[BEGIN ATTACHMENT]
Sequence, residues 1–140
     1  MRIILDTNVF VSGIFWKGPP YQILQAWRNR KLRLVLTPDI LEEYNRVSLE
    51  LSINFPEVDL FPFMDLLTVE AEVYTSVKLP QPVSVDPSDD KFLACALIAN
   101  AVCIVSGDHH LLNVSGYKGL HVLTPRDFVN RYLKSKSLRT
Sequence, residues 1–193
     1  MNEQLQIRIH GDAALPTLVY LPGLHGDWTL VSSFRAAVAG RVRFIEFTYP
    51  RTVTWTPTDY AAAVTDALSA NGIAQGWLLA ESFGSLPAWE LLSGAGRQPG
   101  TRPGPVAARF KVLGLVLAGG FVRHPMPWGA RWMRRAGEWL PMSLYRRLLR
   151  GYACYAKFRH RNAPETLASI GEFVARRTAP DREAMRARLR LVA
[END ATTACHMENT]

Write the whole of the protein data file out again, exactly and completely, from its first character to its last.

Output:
Sequence, residues 1–140
     1  MRIILDTNVF VSGIFWKGPP YQILQAWRNR KLRLVLTPDI LEEYNRVSLE
    51  LSINFPEVDL FPFMDLLTVE AEVYTSVKLP QPVSVDPSDD KFLACALIAN
   101  AVCIVSGDHH LLNVSGYKGL HVLTPRDFVN RYLKSKSLRT
Sequence, residues 1–193
     1  MNEQLQIRIH GDAALPTLVY LPGLHGDWTL VSSFRAAVAG RVRFIEFTYP
    51  RTVTWTPTDY AAAVTDALSA NGIAQGWLLA ESFGSLPAWE LLSGAGRQPG
   101  TRPGPVAARF KVLGLVLAGG FVRHPMPWGA RWMRRAGEWL PMSLYRRLLR
   151  GYACYAKFRH RNAPETLASI GEFVARRTAP DREAMRARLR LVA